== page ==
Home Business Most Acala services are still offline twelve days after the attack

Most Acala services are still offline twelve days after the attack

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Most Acala services are still offline twelve days after the attack

Key points to remember

  • Acala said today that most of its services remain on hiatus after an attack on Sunday August 14.
  • Of the 22 services listed on the Acala website, 18 services are paused while three are operating normally.
  • Acala says it is working to restore functionality and recover USD through its tracing efforts.

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The majority of services on Acala are still offline, according to a statement from the project today.

Majority of Acala services are down

Acala is still trying to restore operations more than a week after suffering an exploit that caused its stablecoin to crash.

The project said today that “many services have been suspended…including the XCM transfer”. This means that cross-chain transfers between Acala and other Polkadot parachains are currently not available.

Various other services are also non-functional. Users cannot transfer most tokens, use bridge services, mint the aUSD stablecoin, perform token swaps, use instant withdrawal, or engage with the protocol’s various earning features.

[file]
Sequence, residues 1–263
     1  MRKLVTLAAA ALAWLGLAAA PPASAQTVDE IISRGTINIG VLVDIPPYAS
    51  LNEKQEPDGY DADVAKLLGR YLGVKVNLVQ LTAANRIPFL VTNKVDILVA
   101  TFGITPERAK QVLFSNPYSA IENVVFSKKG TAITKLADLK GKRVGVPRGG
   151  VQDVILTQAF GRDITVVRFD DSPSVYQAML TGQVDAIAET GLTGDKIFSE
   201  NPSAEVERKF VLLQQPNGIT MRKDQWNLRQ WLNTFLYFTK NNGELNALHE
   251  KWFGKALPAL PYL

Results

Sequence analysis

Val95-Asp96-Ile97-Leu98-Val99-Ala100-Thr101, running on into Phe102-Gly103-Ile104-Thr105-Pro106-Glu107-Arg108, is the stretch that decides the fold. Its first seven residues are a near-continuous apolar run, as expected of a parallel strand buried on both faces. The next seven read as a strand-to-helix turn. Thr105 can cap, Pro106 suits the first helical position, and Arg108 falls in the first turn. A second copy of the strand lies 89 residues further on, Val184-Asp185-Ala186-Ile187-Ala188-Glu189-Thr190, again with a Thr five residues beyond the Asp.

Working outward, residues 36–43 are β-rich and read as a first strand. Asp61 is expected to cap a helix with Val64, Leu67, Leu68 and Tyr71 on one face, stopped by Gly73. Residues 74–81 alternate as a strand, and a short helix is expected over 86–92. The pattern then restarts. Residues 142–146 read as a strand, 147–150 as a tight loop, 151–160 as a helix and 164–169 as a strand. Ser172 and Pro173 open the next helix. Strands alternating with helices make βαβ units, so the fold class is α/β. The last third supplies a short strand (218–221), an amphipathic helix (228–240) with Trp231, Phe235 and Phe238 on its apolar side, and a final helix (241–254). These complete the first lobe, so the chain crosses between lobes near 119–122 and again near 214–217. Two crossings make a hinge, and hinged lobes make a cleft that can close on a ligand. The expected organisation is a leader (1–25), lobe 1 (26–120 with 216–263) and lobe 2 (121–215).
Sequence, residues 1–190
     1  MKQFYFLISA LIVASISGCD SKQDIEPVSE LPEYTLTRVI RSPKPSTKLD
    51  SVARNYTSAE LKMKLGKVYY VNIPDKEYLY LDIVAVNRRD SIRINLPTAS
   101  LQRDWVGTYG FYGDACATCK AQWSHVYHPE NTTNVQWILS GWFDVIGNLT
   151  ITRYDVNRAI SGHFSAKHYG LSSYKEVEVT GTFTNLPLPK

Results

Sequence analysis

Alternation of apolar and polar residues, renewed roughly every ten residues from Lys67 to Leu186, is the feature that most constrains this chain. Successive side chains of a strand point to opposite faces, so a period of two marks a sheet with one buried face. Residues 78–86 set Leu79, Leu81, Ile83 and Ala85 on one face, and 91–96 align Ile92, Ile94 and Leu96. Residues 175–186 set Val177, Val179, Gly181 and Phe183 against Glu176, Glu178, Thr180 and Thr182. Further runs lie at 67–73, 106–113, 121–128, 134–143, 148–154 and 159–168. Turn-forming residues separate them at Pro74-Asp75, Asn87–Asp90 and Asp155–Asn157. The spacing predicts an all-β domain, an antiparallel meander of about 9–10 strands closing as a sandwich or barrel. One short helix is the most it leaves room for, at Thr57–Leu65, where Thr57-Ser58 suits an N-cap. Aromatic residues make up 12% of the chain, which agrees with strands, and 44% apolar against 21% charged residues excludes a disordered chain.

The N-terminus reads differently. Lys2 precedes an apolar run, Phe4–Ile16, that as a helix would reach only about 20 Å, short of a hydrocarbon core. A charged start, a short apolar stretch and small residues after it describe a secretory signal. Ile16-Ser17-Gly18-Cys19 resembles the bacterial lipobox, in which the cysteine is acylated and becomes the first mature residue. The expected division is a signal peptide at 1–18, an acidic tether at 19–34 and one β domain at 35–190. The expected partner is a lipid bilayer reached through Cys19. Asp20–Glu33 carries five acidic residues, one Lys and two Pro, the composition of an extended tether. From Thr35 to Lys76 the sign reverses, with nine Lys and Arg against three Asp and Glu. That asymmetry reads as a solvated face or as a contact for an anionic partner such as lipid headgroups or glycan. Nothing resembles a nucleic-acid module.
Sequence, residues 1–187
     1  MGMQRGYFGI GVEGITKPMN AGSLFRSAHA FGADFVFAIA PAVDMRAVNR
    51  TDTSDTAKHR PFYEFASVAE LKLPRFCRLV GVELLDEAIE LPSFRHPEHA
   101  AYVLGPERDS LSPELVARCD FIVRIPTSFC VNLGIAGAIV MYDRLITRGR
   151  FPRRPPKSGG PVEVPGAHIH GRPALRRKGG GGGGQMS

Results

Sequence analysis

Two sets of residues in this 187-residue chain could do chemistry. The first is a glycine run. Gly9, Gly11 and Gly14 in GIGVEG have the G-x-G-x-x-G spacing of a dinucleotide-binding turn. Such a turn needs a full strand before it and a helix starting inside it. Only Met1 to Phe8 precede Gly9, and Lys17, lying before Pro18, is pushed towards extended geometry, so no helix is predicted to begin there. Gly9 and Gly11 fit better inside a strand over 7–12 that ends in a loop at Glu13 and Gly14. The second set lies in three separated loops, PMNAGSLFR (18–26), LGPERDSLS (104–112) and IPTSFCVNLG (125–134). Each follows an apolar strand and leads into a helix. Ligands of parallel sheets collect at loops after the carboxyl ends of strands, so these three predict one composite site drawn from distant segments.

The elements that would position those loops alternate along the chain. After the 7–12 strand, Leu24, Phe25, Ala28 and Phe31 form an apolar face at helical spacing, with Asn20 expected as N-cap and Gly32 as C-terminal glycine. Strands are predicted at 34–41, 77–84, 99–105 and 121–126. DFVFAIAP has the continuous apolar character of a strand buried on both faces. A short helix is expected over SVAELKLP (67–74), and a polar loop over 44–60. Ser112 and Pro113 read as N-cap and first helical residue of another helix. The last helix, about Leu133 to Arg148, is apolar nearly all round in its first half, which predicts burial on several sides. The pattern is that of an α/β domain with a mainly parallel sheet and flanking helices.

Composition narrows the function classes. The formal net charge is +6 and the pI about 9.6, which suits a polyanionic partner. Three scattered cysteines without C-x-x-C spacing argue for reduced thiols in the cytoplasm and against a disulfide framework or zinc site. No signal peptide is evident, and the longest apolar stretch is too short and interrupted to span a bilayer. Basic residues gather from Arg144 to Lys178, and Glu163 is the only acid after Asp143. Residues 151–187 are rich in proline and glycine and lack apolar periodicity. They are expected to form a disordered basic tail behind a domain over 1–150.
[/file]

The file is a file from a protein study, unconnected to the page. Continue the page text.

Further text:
Of the 22 services listed on Acala’s support page18 services are on hiatus.

Only three services are functioning normally. The first active service is for basic on-chain transactions that involve the project’s native ACA token. The other two operational services are for staking: Liquid DOT staking and normal untied period staking are working normally.

Acala was offensive Sunday August 14. At that time, the author managed to mint at least 1.28 billion aUSD tokens.

The attacker exchanged a relatively small portion of the mistakenly minted tokens for other assets. The community quickly noticed the incident; in response, they froze the Acala channel and its services with an “urgent governance vote”.

The frost allowed Acala to trace, recover and engrave around 3 billion aUSD tokens minted by mistake.

On August 24, Acala said it was still working to trace the funds. “70% of the transactions concerned are still necessary [sic] a trace and this work is still ongoing,” he said. The project offers a bonus to people who return a large sum of funds.

Disclosure: At the time of writing this article, the author of this article owned BTC, ETH, and other cryptocurrencies.

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